We will endeavour to make all course options available; however, these may be subject to timetabling and other constraints. Please see our InfoHub pages for further information.

How You'll Study

Learning Methods

  • Individual Projects
  • Lectures
  • Research
  • Tutorials

Assessment Methods

Students are assessed by any combination of three assessment methods:

  • Coursework such as essays and reports completed throughout the course.
  • Practical assessments of the skills and competencies they learn on the course.
  • Written examinations at the end of each course.

The exact mix of these methods differs between subject areas, years of study and individual courses.

Honours projects are typically assessed on the basis of a written dissertation.

Why Study Film & Visual Culture and International Relations?

Why Film & Visual Culture

  • A curriculum which perfectly balances creativity with broad study, theory and critical analysis as you learn to think within the movements of cinema, and pursue questions beyond the film frame.
  • Director's Cut, the University’s popular events series which invites leading international film-makers onto campus for masterclasses with students, and packed public 'in conversation' events, filmed for the web and for teaching.
  • Sir David Attenborough, Nicholas Roeg, John Akomfrah, Raul Ruiz, Kevin MacDonald, and film editor Peter Lambert (Love Actually to Twilight Saga) all among previous guests for Director's Cut.
  • The George Washington Wilson Centre for Visual Culture, promoting interest and organising events in visual culture, including film, photography, art history, anthropology and museum studies.
  • A programme which also looks at the practical elements of film and visual culture, including the production and circulation of film.
  • A packed campus programme of student and public events, exhibitions, seminars, café discussions and film showings, including the annual May Festival which features Director’s Cut events as highlights of each spring's programme.
  • Strong emphasis on applied learning as well as theory, so you develop a range of practical skills that will give you a good grounding in your future career.
  • An exciting and flourishing cultural scene in north-east Scotland, including the independent Belmont Filmhouse which celebrates world cinema in all its brilliance and diversity, and frequently partners with this academic programme.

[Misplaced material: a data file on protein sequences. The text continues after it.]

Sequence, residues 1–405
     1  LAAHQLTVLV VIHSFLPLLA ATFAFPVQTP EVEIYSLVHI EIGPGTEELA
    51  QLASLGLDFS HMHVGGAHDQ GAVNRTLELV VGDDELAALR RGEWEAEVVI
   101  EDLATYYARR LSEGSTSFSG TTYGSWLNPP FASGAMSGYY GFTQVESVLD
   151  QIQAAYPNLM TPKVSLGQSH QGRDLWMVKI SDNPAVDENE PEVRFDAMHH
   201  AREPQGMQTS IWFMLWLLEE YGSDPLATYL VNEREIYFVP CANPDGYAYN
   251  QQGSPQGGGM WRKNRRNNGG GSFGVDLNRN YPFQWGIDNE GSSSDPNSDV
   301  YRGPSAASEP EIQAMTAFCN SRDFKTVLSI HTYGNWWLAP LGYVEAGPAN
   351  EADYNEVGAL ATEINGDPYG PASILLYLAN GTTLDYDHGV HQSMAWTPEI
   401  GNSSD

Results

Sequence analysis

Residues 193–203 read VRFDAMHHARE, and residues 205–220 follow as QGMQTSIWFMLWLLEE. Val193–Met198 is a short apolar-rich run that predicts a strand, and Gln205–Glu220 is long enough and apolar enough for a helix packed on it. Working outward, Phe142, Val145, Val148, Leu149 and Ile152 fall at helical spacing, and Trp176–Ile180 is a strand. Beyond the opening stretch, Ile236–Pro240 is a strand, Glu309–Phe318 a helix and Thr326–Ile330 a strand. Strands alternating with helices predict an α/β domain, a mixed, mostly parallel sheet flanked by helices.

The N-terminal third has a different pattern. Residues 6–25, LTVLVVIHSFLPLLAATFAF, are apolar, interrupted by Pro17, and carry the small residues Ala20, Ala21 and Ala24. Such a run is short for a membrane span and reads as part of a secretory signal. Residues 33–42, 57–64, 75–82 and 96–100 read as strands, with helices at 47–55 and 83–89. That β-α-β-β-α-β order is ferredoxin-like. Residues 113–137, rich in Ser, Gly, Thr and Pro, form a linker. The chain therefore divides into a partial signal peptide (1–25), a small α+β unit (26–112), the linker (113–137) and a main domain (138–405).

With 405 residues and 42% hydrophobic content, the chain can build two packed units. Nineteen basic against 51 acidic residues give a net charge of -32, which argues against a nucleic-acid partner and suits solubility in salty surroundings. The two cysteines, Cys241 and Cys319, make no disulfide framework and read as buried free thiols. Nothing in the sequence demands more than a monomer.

• The spectacular, award-winning Sir Duncan Rice Library providing a stunning, iconic and inspiring study environment with state-of-the-art learning technology and reference works on film and visual culture.

Why Politics and International Relations

  • A core curriculum with topical themes of conflict and security, representation and democracy, comparative politics and policy.
  • Special focus on the Middle-East, Latin America, North and South Asia, the Nordic Countries, Central and Eastern Europe – as well as Scotland, the UK and the EU.
  • Staff with specialist expertise in political parties and elections, democracy, energy politics, European integration and regionalism, human rights and development issues, interest groups, nationalism, conflict resolution and more.
  • Opportunities to take advantage of spending your second year studying abroad, in Europe, Japan, Hong Kong or North America.
  • The spectacular, award-winning Sir Duncan Rice Library, combining a top-class study environment with state-of-the-art technology, and extensive reference collections for your studies.
  • A packed campus programme of events, seminars, invited speakers and the annual May festival, engaging prominent influencers, interest groups and public in debating major political issues such as Scottish independence and EU membership.
  • All the history and legacy of being part of a university developed over 500 years of national and international political turbulence, social change, and emerging democracy.
  • We are ranked 4th in the UK for International Relations and 8th in the UK for Politics by the Guardian University Guide 2023.

Entry Requirements

Qualifications

The information below is provided as a guide only and does not guarantee entry to the University of Aberdeen.


General Entry Requirements

2022 Entry

SQA Highers

Standard: AABB

Applicants who have achieved AABB (or better), are encouraged to apply and will be considered. Good performance in additional Highers/ Advanced Highers may be required.

Minimum: BBB

Applicants who have achieved BBB (or are on course to achieve this by the end of S5) are encouraged to apply and will be considered. Good performance in additional Highers/Advanced Highers will normally be required.

Adjusted: BB

Applicants who have achieved BB, and who meet one of the widening participation criteria are encouraged to apply and will be considered. Good performance in additional Highers/Advanced Highers will be required.